By Teresa Taylor Williams
A few years ago, some people thought Kaja Thornton-Hunter had lost her mind.
At that time, the single mother of two had quit a “good” job with the county, but she was uncertain what her next move would be.
Looking back, she said she had no regrets that she followed her heart and stepped out on faith to open an adult foster care home.
And it’s been working for her ever since.
It would be nice to say that Thornton-Hunter had a job lined up or a business plan to start her own business.
But she didn’t. On the contrary, she didn’t know how exactly she was going to support her family.
What she knew for sure was that she had a heart for adults with special needs, and she was passionate about working closely with them. While at her former employer, Healthwest, she felt and saw a hole in the residential system. There were many clients who had a desire to live independently, “they just needed a little help,” she said.
“I’m an in-the-trenches person, not a behind-the-desk person. So, one day in 2015, I jumped,” said Thornton. “The jump was in my spirit.”
Jumping into the Birth of “Overcoming Barriers”
Thornton-Hunter is a tall woman with a constant warm smile. But she becomes serious when it comes to talking about people with special needs.
“Many people don’t want to work with this population because it makes them uncomfortable. I’m not sure why, but it could be a fear of the unknown. They might not have taken the time to get to know them, but they’re regular people,” said Thornton-Hunter. “Everyone has issues and barriers.” Hence the name of her business, Overcoming Barriers.
In the meantime, while she tried to figure out her next career move, she tried her hand at substitute teaching and teaching lifeskills. “I loved the kids but my heart was tugging to work with people with disabilities,” she said.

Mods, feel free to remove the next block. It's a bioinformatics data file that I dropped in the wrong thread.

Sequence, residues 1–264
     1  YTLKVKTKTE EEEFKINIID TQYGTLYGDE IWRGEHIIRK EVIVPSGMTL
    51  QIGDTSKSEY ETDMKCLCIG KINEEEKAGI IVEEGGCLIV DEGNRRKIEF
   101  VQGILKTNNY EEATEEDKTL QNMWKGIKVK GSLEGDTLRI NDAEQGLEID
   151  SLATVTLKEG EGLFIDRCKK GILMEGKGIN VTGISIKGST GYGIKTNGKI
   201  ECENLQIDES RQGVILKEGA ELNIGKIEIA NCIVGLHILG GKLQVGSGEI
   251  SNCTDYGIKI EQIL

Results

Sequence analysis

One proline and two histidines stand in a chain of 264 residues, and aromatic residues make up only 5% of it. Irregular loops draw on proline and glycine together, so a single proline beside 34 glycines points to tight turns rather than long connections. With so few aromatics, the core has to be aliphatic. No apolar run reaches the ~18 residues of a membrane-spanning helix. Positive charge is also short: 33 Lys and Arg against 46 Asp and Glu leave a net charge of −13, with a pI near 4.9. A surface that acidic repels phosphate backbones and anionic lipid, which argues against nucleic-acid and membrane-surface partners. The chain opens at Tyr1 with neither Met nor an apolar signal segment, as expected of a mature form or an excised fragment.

She followed her heart and within her first year of licensing and incorporation, she opened four group homes.
Adult foster care residences and homes for the aged provide licensed care for adults ages 55 and older, and also for individuals with a mental illness, developmental or physical disability who do not need continuous nursing care but cannot live alone, according to the Michigan Department of Licensing and Regulatory Affairs. Usually these homes are located in residential neighborhoods and may house up to 21 individuals. They are provided with 24-hour personal care, protection and supervision.
On a recent visit to one of her sites in Muskegon Heights, it was apparent that this was not a facility at all, but truly a home. The residents were milling about the house with staff, listening to music, chatting in the living room, or napping. In the kitchen, there were balloons and a half-eaten birthday cake, evidence that there was a celebration for one of the residents the day before.
What was truly apparent was the caring relationships between staff and the residents. Hugs were given freely by all.
“I am a giver and we (the staff) like to give to the residents,” said Thornton-Hunter. “I try to always be a compassionate and caring person.”
A Great Support system
Family is everything to Thornton-Hunter. She married Derrick Hunter around the same time Overcoming Barriers got off the ground, and he is extremely supportive, she said. The adult foster care business is a family affair that includes her husband and their four children.
Thornton-Hunter said she learned firsthand about adult foster care from the best: her parents. They ran JBC Homes, and they were one of the first families in the Muskegon area to run a group home.
What does the future hold? Hopefully opening more adult foster homes throughout Muskegon County, said Thornton-Hunter. She would also like to open her own restaurant.
For those who dream of leaving their jobs to pursue their passion or open their own business, Thornton-Hunter has some advice.
“Whatever is pulling you or tugging at you, go towards it. The jump may be a little turbulent, and It may seem uncomfortable for awhile, but don’t be afraid to take the leap of faith,” she said.